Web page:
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I think even if you don't get flowers, you can still get pretty good potato production. Remember, the main thing we're after with potatoes is the root crop, so I'm perfectly happy with poor-looking top growth as long as there are lots of nice potatoes in the ground. The first few years I tried potatoes, we'd get huge top growth and then I'd get excited only to dig out only 1-2 potatoes per plant. A lot of that was the varieties that we chose initially; a few years ago we did a research project at our school garden with 6 promising varieties and found out that there is a huge variability in the production of different types of potatoes (you want this balance between number of tubers and size; too many tubers means tiny little potatoes, a few big potatoes is not good either). The Adirondack Red is very reliable; the potatoes won't get huge, but it generally produces at least 5-6 potatoes per plant. The Yukon Gem is a new variety we're trying out to replace Pinto Gold; Pinto Gold produced very tasty potatoes, but it seemed more inconsistent in it's production and was hard to find organic.
The straw is mainly there to fool the potato into thinking that it's soil. The potato then will produce potatoes in the straw, which is much easier to dig for than in the dirt (where we can accidentally cut the potatoes when we are digging them up).
I just rooted around the base of some of our backyard potato plants and was able to quickly get a pound of baby new potatoes with no digging. I'll go back later to those same plants and dig in the soil, but unlike sweet potatoes that are kind of easy to dig out of the soil, potatoes can be a bit of a pain when the soil is dry.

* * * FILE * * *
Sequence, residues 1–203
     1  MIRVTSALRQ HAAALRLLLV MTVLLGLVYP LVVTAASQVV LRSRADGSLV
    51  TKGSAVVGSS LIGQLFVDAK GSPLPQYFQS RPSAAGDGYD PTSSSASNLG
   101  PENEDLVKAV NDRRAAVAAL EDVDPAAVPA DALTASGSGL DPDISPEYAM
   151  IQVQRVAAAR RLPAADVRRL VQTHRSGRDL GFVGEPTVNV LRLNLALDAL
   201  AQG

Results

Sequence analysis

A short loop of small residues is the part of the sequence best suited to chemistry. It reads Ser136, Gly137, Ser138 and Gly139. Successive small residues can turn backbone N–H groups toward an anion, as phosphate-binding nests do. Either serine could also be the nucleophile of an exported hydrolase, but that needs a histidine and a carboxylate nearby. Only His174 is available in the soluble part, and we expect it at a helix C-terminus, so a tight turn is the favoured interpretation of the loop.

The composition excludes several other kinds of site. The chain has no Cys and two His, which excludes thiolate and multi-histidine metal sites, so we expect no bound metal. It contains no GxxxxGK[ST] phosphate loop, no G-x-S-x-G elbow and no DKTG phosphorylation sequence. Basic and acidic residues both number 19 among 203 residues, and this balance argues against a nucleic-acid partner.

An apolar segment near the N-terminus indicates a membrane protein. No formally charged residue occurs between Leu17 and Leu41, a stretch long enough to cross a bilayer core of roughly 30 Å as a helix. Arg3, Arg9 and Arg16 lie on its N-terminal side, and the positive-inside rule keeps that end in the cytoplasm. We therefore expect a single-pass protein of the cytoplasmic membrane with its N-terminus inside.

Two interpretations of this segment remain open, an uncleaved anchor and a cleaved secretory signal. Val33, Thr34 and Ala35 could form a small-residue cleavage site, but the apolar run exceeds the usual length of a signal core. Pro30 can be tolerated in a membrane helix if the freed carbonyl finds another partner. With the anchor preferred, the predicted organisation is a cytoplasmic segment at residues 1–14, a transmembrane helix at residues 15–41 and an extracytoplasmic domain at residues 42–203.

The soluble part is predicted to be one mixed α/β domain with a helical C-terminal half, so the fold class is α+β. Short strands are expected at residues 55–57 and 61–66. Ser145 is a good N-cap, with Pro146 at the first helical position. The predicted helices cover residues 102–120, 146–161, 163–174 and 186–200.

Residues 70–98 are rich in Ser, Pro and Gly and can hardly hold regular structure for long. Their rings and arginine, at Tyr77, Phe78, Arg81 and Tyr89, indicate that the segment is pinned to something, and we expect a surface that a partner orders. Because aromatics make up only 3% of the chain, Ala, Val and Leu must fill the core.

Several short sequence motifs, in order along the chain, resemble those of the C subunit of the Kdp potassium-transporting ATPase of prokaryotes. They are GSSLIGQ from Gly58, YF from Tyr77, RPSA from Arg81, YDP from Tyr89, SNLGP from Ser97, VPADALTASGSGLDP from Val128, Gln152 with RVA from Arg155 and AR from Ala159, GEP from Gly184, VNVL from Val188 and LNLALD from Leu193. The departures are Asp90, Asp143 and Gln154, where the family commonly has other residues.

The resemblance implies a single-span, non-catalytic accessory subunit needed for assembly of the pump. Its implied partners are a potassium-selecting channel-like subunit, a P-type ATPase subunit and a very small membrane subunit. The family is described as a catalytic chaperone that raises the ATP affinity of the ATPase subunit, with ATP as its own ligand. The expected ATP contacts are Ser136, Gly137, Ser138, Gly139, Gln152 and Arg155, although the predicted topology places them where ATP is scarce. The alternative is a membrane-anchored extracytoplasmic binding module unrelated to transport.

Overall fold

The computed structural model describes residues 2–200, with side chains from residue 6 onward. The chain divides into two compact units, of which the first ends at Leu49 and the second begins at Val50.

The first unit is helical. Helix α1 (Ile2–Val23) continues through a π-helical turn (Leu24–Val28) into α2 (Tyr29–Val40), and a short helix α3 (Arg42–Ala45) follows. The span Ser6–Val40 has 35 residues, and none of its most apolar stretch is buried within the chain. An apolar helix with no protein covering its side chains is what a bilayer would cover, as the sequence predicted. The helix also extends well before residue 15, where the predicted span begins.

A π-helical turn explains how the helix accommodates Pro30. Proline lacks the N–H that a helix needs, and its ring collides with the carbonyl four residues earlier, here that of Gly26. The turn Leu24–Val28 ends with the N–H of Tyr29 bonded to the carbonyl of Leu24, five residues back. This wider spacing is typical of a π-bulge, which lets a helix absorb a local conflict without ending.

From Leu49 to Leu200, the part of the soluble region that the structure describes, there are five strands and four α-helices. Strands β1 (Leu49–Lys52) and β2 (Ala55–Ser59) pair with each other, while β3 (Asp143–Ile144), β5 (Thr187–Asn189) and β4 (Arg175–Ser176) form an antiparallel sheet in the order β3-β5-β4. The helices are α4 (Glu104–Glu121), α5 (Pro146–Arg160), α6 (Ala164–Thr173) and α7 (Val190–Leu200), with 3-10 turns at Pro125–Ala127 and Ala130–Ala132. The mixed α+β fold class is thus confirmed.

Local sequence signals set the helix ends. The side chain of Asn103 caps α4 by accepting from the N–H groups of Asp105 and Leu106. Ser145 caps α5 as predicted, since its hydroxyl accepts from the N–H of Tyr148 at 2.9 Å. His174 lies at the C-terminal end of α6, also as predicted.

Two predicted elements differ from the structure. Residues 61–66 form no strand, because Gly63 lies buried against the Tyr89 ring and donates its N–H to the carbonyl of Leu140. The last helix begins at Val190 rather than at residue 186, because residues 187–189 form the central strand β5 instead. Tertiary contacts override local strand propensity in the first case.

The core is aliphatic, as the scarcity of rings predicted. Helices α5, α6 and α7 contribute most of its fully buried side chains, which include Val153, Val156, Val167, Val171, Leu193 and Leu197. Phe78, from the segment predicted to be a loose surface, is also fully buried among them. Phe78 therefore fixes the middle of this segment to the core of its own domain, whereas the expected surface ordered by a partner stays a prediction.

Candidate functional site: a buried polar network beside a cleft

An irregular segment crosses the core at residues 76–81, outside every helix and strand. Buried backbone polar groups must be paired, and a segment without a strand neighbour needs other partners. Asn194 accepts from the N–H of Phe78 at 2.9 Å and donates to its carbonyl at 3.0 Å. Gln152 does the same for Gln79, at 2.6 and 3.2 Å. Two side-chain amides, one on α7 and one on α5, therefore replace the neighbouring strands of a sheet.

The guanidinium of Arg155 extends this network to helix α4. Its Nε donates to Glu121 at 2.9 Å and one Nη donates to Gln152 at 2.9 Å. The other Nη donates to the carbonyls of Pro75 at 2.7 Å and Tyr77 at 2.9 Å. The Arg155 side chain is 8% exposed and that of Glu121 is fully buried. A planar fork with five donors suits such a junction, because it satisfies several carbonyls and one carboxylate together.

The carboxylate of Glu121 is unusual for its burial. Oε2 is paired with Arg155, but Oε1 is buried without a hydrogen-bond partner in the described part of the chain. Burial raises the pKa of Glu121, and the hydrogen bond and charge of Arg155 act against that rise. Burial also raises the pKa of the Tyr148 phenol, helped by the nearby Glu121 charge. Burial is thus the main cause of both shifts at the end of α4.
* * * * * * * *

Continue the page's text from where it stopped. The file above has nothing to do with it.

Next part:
I've done some research to see if I can find something immediate to help you with the lanternflies that is organic. The Beauveria bassiana that Nicky mentioned on the call has actually been tested against lanternflies in PA with some good results, so I've linked in the article with the research.
It's a bit hard to find cheaply; I've found a link with a reasonable price here, but not sure how good the company is.
Apparently, the spotted lanternflies target the sap of fruit trees and grape vines, so they don't really target the leaves. The problem is when they pierce the stems, sticky sap pours out that then attracts other insects and fungi that cause real problems for the fruit trees and grape vines.
They only mate once per year, and their cocoons look a bit like wasp nests. Unfortunately they can place their nests anywhere, under furniture or on metal or plastic surfaces. I think neem can be effective as well, but it looks like you definitely want to try to control them in the nymph stage.
I hope this information helps; they were first spotted in 2014 in Pennsylvania so there isn't a lot of research on natural predators or organic alternatives aside from the beauvaria fungus. Definitely please let us know how it goes.